Such solutions speed up delivery of high-quality health care, making it affordable when and where it is needed by enabling health professionals, care givers, and patients to use smart phones, tablets, or web browsers to securely, yet conveniently, send data, photos and videos to doctors and specialists. The ClickMedix application displays instructions and questions mimicking a physician's interview of a patient, allowing users to easily provide just the right information to remote medical experts simply by answering the questions on the application screen. We call this experience "One-Click Health".

Our first implementation was with Harvard Medical School's Associate Professor of Dermatology, Dr. Joseph Kvedar, who also founded the Center for Connected Health, along with Dr. Kuda Maloney, dermatology resident at Massachusetts General Hospital as principle investigators, and Dr. Lalla and Dr. Mckoy as participating dermatologists. They trained health workers in Trinidad and Tobago to use smartphones with ClickMedix application to screen for Hansen's Diseases (also known as leprosy). Dr. Kvedar commented, "Mobile health has great potential for providing low-cost, accessible and secure solutions to share health data, reach more diverse patient populations, and deliver educational messaging to patients. We are encouraged by the results of the ClickMedix study using smart phones to connect dermatologists with health workers in Trinidad and Tobago, to improve screening for Hansen's Disease."

ClickMedix is also working on pioneering health care programs such as Nobel Laureate Muhammad Yunus's Grameen Health and Research, to help deliver affordable health care to Grameen America's 10,000+ women microfinance entrepreneurs in New York. ClickMedix and Grameen Health and Research aims to provide low-income women with a mobile platform to facilitate care delivery and empower individuals to self-mange their chronic conditions. Since diabetes, obesity and hypertension are most prevalent among underserved communities, ClickMedix aims to transform how underserved communities in the U.S. access health care and provide an educational platform to substantially improve the overall health of low-income women and their families.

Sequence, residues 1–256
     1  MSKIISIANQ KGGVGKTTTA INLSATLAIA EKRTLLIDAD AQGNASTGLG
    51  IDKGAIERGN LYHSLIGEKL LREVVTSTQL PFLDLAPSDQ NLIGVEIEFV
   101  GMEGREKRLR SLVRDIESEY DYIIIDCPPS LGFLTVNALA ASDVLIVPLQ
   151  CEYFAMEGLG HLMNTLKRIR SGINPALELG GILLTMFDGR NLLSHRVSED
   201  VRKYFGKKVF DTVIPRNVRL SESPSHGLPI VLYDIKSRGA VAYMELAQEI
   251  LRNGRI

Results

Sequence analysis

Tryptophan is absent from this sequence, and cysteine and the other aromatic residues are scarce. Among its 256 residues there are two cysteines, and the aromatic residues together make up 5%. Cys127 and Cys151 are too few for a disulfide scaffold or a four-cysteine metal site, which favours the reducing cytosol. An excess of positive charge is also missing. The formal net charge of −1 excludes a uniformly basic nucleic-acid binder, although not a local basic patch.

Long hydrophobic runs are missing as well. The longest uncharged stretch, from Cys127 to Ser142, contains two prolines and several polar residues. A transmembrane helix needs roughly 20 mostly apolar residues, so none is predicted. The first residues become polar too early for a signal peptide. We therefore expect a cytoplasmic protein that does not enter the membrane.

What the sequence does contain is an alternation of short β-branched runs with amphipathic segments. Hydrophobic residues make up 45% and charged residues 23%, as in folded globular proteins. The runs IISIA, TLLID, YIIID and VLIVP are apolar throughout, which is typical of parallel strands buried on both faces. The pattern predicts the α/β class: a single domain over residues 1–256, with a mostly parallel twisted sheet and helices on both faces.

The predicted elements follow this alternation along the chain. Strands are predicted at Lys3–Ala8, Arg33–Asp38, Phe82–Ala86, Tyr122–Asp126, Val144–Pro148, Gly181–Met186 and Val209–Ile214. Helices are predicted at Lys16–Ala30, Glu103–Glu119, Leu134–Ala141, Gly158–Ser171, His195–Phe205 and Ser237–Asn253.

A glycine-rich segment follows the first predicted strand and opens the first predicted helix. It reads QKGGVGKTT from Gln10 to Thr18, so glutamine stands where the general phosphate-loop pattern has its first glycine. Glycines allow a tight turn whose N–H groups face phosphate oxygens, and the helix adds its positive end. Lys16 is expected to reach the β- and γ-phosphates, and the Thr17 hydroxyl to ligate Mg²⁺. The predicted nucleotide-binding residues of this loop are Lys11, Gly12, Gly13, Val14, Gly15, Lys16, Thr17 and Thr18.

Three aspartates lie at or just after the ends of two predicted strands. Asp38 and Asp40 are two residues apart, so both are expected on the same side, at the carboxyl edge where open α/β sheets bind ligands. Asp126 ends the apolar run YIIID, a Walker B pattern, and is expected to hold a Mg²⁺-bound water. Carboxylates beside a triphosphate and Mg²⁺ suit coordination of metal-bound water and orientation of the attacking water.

Allison Schwartz, Director of Grameen Health and Research, said "ClickMedix is now a crucial part of our program that will allow easy access to data and improve the connectivity of our health initiatives. Ting has not only supplied us with a wonderful product, but she also worked hard to make sure it was the right product for our organization. Ting's personality is what makes her company and product unique. Grameen will always be grateful for her insight and mobile health platform that will substantially enhance the effectiveness of our organization."

ClickMedix now has medical school, hospital, and health organization clients in the United States, Philippines, Uganda, Guatemala, Taiwan, Peru, China, Trinidad & Tobago, and India. We expect to launch in three more countries and Latin America next year.

What's Next? We are continuing to seek areas where our platform can help people. The health care of the rising senior population is one area. ClickMedix has recruited a leading health care expert, Ms. Jodi Lyons, author of The Smart Person's Guide to Eldercare (Keith Publications, 2013), to advise us on building solutions for home-based senior care in the United States and abroad. To increase health care capacity, we are developing certification-training programs for caregivers, health workers, and nurses with the help of Dr. Philip Miller, who is the world's leading expert in designing "authentic certification examinations" that can effectively assess skill-based training outcomes critical to ensuring trained health practitioners are well-equipped to improve lives.

Ting is a Cartier Women's Award finalist. For more information, please go here.